Pre-operation and recovery rooms are located on a side of the building facing the Saddleback mountains. When the shades are closed, a picture of the nearby mountains appear on the windows.

Plants and flowers are not allowed in the center for infection control purposes.

“That’s why we went to such great lengths with the flooring, the stone, everything to make it feel more natural,” Walker said. “We wanted to bring the outside in as much as possible.”

On the other side of the floor are three large operating rooms, complete with cat scanners, ultrasounds and large screen monitors.

“It’s all the latest technology,” Kim said. “The surgeons say it’s the roomiest operating room they’ve been in.”

 

3rd Floor

This floor contains doctor offices in what Walker described as a new “care team model.”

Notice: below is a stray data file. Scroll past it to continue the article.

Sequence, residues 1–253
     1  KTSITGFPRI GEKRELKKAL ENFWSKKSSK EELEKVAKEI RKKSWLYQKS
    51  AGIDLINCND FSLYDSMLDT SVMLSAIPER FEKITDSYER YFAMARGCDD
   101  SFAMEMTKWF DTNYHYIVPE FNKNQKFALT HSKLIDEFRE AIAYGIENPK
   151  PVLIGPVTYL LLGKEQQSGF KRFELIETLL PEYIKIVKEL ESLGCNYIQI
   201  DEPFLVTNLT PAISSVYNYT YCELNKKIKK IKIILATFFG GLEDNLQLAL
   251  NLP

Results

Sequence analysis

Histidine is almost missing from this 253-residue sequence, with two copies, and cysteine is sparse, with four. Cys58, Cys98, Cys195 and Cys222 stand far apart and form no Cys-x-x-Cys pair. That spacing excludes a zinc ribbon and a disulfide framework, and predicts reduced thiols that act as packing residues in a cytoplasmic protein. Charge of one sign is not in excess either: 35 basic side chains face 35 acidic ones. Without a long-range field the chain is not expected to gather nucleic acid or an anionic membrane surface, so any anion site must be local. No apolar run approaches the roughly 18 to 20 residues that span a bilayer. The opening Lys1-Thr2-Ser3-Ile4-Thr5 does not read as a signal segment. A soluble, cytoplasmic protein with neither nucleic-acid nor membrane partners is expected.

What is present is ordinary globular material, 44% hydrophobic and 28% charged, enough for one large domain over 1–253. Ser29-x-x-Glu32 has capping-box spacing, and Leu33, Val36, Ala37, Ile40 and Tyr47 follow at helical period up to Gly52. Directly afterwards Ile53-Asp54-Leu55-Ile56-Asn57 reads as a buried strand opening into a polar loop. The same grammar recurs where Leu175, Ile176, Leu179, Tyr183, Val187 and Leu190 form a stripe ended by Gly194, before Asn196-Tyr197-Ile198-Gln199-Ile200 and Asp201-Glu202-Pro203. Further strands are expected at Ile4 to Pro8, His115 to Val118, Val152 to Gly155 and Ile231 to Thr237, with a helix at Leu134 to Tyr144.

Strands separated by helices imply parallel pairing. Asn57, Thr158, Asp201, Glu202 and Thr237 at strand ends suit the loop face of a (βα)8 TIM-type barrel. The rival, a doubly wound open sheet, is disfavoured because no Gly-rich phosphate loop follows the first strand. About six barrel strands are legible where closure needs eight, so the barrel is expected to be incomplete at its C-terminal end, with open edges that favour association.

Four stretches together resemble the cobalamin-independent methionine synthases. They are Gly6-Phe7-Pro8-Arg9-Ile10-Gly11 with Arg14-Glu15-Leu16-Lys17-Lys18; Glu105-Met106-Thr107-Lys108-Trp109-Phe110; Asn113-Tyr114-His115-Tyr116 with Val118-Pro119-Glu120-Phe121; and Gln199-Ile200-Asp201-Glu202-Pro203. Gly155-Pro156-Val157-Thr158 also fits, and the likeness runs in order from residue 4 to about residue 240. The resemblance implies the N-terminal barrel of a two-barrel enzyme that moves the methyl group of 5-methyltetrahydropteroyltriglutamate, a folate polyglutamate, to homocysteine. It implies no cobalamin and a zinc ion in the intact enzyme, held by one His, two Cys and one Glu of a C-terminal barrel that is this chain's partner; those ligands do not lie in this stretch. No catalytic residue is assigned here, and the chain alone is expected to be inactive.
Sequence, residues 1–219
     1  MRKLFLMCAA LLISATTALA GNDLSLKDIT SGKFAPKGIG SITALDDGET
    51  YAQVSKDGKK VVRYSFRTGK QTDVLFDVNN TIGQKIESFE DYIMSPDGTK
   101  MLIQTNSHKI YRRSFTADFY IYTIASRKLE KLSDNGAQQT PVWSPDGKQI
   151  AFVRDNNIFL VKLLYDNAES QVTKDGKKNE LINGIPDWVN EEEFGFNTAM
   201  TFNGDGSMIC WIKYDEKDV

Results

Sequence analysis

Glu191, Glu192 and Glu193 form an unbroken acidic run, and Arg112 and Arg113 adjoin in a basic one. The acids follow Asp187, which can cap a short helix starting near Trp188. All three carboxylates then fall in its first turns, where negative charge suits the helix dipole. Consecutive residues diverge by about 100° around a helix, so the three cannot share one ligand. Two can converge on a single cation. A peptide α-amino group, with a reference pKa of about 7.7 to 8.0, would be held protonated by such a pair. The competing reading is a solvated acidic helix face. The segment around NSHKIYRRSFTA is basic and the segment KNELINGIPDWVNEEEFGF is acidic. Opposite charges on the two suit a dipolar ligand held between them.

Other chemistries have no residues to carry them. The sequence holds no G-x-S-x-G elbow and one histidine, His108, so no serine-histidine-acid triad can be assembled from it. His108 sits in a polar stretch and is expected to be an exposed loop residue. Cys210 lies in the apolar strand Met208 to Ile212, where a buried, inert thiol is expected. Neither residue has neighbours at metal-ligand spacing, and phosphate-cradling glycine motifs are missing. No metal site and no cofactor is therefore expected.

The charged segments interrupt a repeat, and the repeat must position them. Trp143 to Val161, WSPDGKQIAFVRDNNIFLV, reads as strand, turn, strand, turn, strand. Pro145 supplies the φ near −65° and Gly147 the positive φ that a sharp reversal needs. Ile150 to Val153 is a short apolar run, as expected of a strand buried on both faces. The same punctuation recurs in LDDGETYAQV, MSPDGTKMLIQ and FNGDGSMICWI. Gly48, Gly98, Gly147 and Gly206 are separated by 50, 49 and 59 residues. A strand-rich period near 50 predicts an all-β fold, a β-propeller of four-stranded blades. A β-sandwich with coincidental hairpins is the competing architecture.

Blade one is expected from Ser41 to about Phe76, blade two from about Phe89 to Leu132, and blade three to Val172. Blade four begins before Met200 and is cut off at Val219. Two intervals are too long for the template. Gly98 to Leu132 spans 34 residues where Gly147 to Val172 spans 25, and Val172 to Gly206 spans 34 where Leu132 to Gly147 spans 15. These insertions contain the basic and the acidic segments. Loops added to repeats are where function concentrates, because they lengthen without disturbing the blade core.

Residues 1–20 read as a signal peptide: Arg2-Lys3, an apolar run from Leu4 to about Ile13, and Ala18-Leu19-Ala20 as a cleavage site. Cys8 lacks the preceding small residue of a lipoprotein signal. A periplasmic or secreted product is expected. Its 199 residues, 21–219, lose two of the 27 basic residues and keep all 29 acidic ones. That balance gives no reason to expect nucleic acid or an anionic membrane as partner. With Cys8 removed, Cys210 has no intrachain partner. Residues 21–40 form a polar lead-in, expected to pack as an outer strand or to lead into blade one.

Instead of patients needing to visit different buildings on different days for appointments, the third floor contains a suite of offices where all the doctors are in one area.

The floor also has Hope Boutique, a full-service salon and specialty shopping experience with oncology-trained cosmetologists who help patients with customized cosmetology services, breast prostheses and more.

“The experience of losing hair or the need for prosthetics for breast replacement is very traumatic for women,” Walker said. “We wanted to create a place that is more beautiful than typical. We wanted all these rooms to be higher end to try to make the experience a little bit better.”

 

5th Floor

The building doesn’t have a fourth floor because feng shui considers the number four bad luck, like Western culture’s dislike of the number 13, Walker said.

The fifth floor is dedicated to patients in trials, for which the City of Hope conducts about 1,000 annually.

Patient rooms have big windows with views of the Saddleback mountains.

“We saved this for these patients,” Walker said. “They deserve to have the best views. They sit here for 8 to 10 hours at a time.”